|Publication number||US7766904 B2|
|Application number||US 11/035,694|
|Publication date||Aug 3, 2010|
|Filing date||Jan 14, 2005|
|Priority date||Jan 31, 2003|
|Also published as||US20050154379|
|Publication number||035694, 11035694, US 7766904 B2, US 7766904B2, US-B2-7766904, US7766904 B2, US7766904B2|
|Inventors||Michael J. Mc Gowan, Sr., Charles R. Hurst, Jr., Harry Michael Lambert, Christopher F. Lumpkin|
|Original Assignee||Iridex Corporation|
|Export Citation||BiBTeX, EndNote, RefMan|
|Patent Citations (30), Referenced by (33), Classifications (15), Legal Events (3)|
|External Links: USPTO, USPTO Assignment, Espacenet|
This application claims the benefit of U.S. Provisional Patent Application No. 60/444,060, filed Jan. 31, 2003, the entire disclosure of which is hereby incorporated herein by reference.
The present invention relates generally to laser probes, and more particularly to an adjustable laser probe for effecting laser-induced photocoagulation to treat areas internal to the eye during vitreoretinal surgery.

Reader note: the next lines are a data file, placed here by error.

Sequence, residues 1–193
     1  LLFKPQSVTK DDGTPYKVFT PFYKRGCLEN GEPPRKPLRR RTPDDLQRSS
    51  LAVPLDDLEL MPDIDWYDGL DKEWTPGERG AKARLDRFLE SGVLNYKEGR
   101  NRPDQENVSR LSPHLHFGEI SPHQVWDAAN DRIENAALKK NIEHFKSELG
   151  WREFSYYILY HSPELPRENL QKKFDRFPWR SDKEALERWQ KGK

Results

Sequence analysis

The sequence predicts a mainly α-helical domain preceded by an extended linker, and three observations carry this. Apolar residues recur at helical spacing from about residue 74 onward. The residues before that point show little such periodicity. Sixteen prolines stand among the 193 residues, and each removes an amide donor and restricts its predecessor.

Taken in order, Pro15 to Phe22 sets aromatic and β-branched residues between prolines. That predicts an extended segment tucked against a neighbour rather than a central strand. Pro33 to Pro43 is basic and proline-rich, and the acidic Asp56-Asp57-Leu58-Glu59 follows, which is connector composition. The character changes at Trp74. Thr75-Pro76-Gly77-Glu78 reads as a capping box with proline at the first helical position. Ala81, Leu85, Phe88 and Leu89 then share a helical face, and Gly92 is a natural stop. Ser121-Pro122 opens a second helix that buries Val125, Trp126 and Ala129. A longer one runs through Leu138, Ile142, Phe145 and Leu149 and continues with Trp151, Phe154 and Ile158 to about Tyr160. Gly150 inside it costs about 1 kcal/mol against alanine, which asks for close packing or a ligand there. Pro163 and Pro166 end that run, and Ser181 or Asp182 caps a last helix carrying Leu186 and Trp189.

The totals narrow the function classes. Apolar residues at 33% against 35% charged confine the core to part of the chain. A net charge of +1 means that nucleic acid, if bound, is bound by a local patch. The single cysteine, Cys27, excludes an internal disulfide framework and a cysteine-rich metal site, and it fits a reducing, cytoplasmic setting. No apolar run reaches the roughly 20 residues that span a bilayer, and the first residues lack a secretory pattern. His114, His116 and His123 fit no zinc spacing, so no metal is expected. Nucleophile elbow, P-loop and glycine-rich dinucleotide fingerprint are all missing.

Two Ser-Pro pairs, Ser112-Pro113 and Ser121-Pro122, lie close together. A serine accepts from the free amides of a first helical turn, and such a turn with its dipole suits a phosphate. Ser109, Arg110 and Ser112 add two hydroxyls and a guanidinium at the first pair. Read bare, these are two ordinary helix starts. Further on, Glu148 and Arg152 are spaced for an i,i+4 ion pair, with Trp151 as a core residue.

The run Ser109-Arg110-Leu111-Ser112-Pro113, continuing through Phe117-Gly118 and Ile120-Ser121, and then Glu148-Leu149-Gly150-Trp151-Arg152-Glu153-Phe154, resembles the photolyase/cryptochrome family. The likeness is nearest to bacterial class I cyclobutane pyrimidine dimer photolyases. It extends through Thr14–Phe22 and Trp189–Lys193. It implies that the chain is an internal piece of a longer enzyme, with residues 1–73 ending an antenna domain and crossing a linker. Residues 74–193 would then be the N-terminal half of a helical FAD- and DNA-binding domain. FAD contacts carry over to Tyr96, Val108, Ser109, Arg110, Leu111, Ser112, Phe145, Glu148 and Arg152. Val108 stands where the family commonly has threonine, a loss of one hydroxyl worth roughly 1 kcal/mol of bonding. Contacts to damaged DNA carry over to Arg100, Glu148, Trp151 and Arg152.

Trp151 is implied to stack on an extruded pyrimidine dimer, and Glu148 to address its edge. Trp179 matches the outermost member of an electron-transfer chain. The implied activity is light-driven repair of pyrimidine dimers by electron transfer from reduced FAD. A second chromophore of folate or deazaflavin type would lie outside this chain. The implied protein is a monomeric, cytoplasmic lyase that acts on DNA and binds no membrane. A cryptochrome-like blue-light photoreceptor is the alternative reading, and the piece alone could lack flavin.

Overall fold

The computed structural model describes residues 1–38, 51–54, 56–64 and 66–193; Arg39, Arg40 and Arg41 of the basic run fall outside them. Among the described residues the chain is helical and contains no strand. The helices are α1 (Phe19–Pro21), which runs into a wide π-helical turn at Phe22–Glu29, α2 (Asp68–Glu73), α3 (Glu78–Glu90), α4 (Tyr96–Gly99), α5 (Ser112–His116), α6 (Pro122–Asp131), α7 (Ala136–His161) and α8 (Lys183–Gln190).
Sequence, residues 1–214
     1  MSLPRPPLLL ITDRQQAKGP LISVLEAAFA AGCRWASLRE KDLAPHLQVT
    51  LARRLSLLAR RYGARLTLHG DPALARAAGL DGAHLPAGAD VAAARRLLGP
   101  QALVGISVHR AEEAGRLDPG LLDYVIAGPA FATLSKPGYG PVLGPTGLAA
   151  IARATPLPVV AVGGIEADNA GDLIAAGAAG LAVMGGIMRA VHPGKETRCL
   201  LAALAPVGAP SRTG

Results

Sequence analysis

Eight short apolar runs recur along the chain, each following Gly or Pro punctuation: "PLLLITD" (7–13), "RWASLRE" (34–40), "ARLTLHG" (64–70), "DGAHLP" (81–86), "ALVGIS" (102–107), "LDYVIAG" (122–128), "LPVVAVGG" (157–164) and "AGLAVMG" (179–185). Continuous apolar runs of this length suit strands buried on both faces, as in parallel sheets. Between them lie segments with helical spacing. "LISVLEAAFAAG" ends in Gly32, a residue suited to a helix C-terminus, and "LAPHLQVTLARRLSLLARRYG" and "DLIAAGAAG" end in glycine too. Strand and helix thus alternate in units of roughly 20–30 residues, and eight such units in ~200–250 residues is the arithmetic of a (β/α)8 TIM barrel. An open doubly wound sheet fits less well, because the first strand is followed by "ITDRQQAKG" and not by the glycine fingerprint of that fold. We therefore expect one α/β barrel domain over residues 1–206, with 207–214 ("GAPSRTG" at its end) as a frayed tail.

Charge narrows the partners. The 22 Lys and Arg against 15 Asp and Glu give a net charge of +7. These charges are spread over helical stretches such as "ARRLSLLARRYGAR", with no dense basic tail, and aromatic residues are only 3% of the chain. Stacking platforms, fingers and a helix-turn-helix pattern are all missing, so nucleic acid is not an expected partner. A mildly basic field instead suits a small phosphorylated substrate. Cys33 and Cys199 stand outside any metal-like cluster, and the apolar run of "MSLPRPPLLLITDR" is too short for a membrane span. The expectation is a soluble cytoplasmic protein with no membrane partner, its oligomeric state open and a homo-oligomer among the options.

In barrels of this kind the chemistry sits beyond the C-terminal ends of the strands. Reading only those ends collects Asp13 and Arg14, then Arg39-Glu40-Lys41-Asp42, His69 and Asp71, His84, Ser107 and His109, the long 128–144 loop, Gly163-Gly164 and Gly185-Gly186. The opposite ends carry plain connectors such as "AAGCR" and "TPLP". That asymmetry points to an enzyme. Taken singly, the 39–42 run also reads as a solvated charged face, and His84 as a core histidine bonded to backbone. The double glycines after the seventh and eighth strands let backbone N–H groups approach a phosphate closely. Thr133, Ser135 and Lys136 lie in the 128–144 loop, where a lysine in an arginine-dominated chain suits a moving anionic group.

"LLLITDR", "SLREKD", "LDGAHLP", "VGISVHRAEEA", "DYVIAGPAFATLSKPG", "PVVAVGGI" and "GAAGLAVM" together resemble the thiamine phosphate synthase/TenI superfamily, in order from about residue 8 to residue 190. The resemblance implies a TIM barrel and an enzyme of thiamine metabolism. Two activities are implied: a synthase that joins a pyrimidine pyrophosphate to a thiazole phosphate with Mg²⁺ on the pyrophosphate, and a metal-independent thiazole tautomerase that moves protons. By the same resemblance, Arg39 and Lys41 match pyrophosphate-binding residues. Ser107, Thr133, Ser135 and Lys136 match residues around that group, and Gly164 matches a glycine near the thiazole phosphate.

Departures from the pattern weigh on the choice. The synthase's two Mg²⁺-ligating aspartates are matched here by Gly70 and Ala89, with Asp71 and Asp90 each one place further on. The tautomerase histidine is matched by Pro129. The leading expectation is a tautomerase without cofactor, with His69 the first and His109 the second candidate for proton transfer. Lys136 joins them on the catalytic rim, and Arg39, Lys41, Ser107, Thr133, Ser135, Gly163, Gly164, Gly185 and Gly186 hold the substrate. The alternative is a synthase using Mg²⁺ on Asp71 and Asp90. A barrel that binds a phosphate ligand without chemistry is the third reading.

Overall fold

A vitreoretinal specialist is an ophthalmic surgeon specializing in the diagnosis and treatment of the retina and vitreous. A vitreoretinal surgeon is often called upon to perform a vitrectomy procedure, which typically involves making three stab incisions for access to the posterior segment (back part) of the eye, i.e. the vitreous cavity. One of those incisions (inferio-temporally) is ultimately used for insertion of an infusion cannula, which is used during surgery to introduce fluids to prevent collapse and otherwise maintain integrity of the eye. The other incisions are needed for insertion of specific surgical instruments. Typical incisions in vitreoretinal surgery are slit-like stab incisions approximately 20 gauge (g) in size. A 20 g incision will usually allow an instrument having a 20 g shaft to be inserted into the eye. Size also refers to the diameter of the tubular shaft of the instrument at both the proximal and distal aspects of the inserted portion of the instrument. Instruments that are used in vitreoretinal surgery typically range in size from 18 g to 42 g.